six itty bitty ways to energize evangelism

Evangelism is one of the topics that college ministers think about – even worry about – the most. And there are certainly comprehensive or structural approaches to college ministry evangelism worth considering: evangelistic special events, regular evangelistic activities, evangelistic small groups, teaching regularly on evangelism, starting an Outreach ministry team, putting a heavy evangelistic emphasis in your “front door,” and so on.

BUT, some of the “moves” that will most help your college ministry be more evangelistic may be much more simple. Here are some of those small ideas that could increase a college ministry’s evangelistic oomph:

1. Count conversions. Each week or each month, take a moment to register how many people came to Christ. This might be something you talk about among your student leaders, or even with fellow college ministers on that campus. [Somebody made a great comment on this one – be sure to check out the comments for some clarification here.]

2. Commemorate spiritual birthdays (the first one and later ones). If we believe that there really was a moment in every Christian’s life when he or she went from death to life, then that’s a big deal! So yes, celebrate when people come to Christ, but it’s also quite fitting to celebrate the date people came to Christ – last year or last decade! [See several ideas for doing this here!]

3. Share testimonies of witnessing (whether conversion results or not).

4. Share testimonies of being witnessed to (by those who have now met Christ).

5. Make it clear that non-Christians are welcome at your meeting. Saying that might be good; making specific references that make non-Christians feel at home within the context of your worship, message, etc., is even better.

6. Make baptism a big deal. Even if your ministry leaves it to a church to baptize (some do, some don’t), you can still watch the video. Or do as some do, and go baptize in the campus fountain. Whatever the case, baptism is a big deal.

Many of these simple methods connect with the idea that you will cultivate what you honor. While we honor God for converting people, we also honor people for being used in that process AND “honor” the process of conversion itself. As we do, we’re cultivating a campus ministry in which conversion matters… and, by extension, sharing our faith is a community-celebrated activity.


[Click to ask questions, comment, or see any comments on this post!]


  1. Cary

    Benson – absolutely love your blog and think it is one of the richest resources of great insights to campus ministry that exists.

    I agree with each one of these moves except for number one. Keeping running counts of conversions is one of the best ways to try to get your ministry and leadership ahead of God’s work. Yes, we must desire for people to come to Christ through the mission of your ministry. But it may look like this: maybe God delivers 24 converted hearts in a given year. In another year, he may give 2, 1, or none. But this alone does not speak to the effectiveness of the ministry’s work that year. The counting game simply does not measure of the work of God in a ministry. It’s artificial. Numbers should never be the goal – faithfulness to the mission of developing disciples should be. Should God bring along converts in the midst of that, much like he did with our ministry last year, then all praises to Him. We always look for the opportunities to bring people into the Kingdom, but we don’t measure ourselves by the quantity that come.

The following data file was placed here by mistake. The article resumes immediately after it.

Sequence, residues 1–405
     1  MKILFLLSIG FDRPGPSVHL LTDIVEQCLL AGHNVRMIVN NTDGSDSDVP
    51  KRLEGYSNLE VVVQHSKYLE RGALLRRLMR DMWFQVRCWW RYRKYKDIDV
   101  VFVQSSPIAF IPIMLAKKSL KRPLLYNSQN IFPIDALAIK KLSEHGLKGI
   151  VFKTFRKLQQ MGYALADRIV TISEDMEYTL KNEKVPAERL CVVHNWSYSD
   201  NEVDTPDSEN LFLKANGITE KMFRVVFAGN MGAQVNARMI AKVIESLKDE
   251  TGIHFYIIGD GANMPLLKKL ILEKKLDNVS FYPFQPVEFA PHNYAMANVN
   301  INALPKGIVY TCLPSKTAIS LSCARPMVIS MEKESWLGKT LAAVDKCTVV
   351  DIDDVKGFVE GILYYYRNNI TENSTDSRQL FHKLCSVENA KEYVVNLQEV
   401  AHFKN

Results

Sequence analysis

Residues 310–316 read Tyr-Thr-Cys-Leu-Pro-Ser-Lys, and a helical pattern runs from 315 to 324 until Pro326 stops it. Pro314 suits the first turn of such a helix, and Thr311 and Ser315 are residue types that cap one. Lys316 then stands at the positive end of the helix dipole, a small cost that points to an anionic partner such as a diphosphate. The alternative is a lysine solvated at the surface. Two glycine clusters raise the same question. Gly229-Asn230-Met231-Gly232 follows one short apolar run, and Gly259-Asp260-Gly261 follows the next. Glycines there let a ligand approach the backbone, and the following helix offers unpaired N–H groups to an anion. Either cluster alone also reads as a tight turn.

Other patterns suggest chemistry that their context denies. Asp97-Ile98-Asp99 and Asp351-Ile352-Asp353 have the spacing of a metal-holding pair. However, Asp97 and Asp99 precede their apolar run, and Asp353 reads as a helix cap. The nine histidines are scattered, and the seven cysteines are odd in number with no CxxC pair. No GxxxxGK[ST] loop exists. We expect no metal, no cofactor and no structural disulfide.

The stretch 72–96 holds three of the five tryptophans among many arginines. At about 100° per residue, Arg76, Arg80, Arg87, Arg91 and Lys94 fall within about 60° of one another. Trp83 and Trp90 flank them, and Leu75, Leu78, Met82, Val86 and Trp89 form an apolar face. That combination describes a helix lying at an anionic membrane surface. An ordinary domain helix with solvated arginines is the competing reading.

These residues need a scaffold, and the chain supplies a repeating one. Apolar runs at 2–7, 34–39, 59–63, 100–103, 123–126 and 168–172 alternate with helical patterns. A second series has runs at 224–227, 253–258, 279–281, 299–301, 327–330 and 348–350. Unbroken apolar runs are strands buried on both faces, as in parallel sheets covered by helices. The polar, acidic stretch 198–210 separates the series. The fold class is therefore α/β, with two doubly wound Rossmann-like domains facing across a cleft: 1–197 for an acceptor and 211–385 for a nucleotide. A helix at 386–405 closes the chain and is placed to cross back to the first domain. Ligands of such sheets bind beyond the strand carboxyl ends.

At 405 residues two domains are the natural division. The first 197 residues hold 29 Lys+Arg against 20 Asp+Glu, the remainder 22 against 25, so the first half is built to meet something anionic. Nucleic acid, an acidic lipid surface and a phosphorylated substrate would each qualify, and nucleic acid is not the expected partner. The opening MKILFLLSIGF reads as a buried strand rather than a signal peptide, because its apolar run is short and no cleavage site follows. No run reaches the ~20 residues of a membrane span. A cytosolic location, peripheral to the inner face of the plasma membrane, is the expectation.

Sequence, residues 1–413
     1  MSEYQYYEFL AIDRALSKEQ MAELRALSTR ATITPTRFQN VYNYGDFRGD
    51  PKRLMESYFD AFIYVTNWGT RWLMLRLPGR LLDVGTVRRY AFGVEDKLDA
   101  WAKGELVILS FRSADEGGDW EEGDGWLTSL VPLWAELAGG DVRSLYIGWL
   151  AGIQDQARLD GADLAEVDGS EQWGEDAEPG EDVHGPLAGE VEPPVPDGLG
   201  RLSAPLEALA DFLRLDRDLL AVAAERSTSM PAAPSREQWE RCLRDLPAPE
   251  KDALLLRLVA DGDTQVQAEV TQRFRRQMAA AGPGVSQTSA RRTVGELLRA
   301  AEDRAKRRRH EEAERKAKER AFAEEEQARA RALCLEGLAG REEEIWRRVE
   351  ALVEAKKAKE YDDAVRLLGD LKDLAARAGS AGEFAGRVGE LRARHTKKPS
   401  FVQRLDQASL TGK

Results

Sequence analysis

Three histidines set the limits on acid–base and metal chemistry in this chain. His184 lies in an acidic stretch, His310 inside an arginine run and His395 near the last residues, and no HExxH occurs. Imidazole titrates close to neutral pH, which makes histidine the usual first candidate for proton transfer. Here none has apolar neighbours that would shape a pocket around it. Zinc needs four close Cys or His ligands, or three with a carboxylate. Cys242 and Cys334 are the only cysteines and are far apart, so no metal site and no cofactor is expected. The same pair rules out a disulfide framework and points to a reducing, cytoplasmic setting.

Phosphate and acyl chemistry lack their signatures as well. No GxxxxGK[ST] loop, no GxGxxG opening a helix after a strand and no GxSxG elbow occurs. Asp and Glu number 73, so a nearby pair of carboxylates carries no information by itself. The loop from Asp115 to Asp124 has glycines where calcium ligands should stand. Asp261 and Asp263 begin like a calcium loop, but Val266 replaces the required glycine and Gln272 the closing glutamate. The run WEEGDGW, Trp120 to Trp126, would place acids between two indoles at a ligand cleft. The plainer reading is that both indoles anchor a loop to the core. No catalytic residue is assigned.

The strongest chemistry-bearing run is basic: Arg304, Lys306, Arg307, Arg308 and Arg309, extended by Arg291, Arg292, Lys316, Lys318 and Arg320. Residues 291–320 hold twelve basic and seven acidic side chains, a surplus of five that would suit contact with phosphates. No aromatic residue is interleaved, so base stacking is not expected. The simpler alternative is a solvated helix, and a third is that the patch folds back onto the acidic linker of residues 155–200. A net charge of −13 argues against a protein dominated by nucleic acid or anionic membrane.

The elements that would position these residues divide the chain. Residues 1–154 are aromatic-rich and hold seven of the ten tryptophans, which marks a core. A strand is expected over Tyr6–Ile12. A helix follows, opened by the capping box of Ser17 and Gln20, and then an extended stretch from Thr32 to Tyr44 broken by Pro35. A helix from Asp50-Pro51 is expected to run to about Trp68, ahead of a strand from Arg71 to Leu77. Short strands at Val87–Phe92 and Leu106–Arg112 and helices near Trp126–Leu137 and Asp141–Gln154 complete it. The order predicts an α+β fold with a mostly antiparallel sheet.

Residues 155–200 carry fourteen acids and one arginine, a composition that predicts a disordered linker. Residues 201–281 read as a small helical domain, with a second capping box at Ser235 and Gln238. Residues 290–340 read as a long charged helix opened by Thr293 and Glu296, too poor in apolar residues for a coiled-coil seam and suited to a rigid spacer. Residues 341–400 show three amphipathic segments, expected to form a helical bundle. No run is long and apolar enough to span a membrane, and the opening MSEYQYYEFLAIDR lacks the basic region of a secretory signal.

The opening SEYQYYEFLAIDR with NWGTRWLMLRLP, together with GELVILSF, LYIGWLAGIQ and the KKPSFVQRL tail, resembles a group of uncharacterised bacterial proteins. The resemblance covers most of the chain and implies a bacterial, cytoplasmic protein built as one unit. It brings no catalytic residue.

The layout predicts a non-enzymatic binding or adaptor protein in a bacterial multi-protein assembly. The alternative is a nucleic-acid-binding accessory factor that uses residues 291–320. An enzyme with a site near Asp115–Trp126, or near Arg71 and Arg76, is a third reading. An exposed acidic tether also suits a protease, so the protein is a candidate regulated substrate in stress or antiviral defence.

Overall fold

Keep up the outstanding blog! I am encouraged by and learn much from it.

  2. Thanks for that, Cary (and for the encouragement)! I honestly do appreciate the chance to clarify – because I actually generally agree with you. (In fact, at the conference last week, I specifically noted that a certain number of conversions is a BAD goal for a college ministry to set, for the very reason you indicated: We can’t cause that goal to be reached.)

    Here’s the difference in what I meant in the post versus what you (very naturally) inferred: I’m not encouraging counting conversions here as a measure of effectiveness (but see below). Here, I meant reporting conversions as measures of fruitfulness – like what Luke does throughout Acts, listing numbers or quantities (“whole household”) as a way of, like you said, praising God.

    Measuring something – anything – is one way to “honor” that something, like I talked about at the end of the post. If you’re constantly recognizing the conversions that take place (ANY conversions that take place), it will keep that hope in front of the ministry. And when that hope is kept in front of the ministry, its members are more likely to engage in things that help bring that hope to fruition.

    I do believe that seeing people come to Christ is one thing worth noticing as we evaluate our own ministries, though. It’s valuable to weigh, not as a legalistic evaluation tool that, like you said, gets ahead of what God actually desires, but as simply something to notice along with numerous other things. As we weigh those things, we may realize that our evangelistic efforts have been less than ideal; we may instead discern that our evangelism is where it needs to be (despite few or no conversions). What you said is certainly true: Numerous conversions or few (or no) conversions are not in-and-of-themselves identifiers of a ministry’s effectiveness.

  3. Cary

    Thanks for the clarification. I can get on board with that.

    I especially like your #2 suggestion. I’m going to think a lot more about that now.

  4. Pingback: celebrating the new creation « Exploring College Ministry blog (daily notes about our field)

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